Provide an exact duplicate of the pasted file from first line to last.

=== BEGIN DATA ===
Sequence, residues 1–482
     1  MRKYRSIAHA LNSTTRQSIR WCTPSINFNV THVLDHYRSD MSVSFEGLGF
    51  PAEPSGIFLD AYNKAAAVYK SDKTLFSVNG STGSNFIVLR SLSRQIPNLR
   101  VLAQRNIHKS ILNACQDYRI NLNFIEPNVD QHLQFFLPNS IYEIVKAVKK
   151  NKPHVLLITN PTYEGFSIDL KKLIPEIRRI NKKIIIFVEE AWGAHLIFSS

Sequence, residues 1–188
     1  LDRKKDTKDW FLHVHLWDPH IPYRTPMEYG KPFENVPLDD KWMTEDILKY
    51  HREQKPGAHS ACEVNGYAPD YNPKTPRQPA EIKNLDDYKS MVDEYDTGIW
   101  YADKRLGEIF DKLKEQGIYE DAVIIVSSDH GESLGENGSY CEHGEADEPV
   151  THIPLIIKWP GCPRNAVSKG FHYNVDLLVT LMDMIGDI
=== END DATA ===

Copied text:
Sequence, residues 1–482
     1  MRKYRSIAHA LNSTTRQSIR WCTPSINFNV THVLDHYRSD MSVSFEGLGF
    51  PAEPSGIFLD AYNKAAAVYK SDKTLFSVNG STGSNFIVLR SLSRQIPNLR
   101  VLAQRNIHKS ILNACQDYRI NLNFIEPNVD QHLQFFLPNS IYEIVKAVKK
   151  NKPHVLLITN PTYEGFSIDL KKLIPEIRRI NKKIIIFVEE AWGAHLIFSS

Sequence, residues 1–188
     1  LDRKKDTKDW FLHVHLWDPH IPYRTPMEYG KPFENVPLDD KWMTEDILKY
    51  HREQKPGAHS ACEVNGYAPD YNPKTPRQPA EIKNLDDYKS MVDEYDTGIW
   101  YADKRLGEIF DKLKEQGIYE DAVIIVSSDH GESLGENGSY CEHGEADEPV
   151  THIPLIIKWP GCPRNAVSKG FHYNVDLLVT LMDMIGDI